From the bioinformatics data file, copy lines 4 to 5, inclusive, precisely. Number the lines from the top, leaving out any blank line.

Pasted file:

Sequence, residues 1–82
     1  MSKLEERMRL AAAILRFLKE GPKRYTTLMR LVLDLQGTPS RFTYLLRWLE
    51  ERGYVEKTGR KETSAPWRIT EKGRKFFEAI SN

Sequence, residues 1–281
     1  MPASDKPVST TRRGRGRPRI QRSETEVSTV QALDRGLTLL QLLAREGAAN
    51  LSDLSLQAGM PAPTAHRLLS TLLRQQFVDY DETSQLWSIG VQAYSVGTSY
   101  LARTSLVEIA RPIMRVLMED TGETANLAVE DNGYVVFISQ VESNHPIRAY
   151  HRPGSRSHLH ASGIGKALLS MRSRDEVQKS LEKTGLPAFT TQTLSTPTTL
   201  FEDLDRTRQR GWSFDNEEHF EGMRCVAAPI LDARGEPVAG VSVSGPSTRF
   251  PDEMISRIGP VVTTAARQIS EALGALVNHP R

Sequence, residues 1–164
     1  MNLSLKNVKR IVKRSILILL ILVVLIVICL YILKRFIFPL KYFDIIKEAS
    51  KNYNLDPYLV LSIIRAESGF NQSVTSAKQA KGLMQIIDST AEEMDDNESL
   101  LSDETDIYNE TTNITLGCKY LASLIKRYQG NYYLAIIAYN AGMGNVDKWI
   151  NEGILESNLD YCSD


Sequence, residues 1–281
     1  MPASDKPVST TRRGRGRPRI QRSETEVSTV QALDRGLTLL QLLAREGAAN